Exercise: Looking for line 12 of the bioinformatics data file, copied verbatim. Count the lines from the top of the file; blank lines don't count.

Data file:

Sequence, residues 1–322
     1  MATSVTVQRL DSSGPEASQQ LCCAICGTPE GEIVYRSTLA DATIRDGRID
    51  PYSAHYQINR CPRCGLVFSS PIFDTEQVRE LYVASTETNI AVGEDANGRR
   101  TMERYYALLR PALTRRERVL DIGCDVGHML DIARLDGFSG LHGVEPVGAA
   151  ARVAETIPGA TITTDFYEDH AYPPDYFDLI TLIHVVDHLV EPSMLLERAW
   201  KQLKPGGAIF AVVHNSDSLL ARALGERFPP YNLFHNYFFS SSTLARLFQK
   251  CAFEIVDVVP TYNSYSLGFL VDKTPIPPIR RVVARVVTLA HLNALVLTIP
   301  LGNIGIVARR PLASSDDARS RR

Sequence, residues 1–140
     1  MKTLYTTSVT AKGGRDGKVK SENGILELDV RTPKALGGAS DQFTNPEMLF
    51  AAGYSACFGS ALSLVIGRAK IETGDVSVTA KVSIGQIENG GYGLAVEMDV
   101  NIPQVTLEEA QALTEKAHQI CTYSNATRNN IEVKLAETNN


   101  NIPQVTLEEA QALTEKAHQI CTYSNATRNN IEVKLAETNN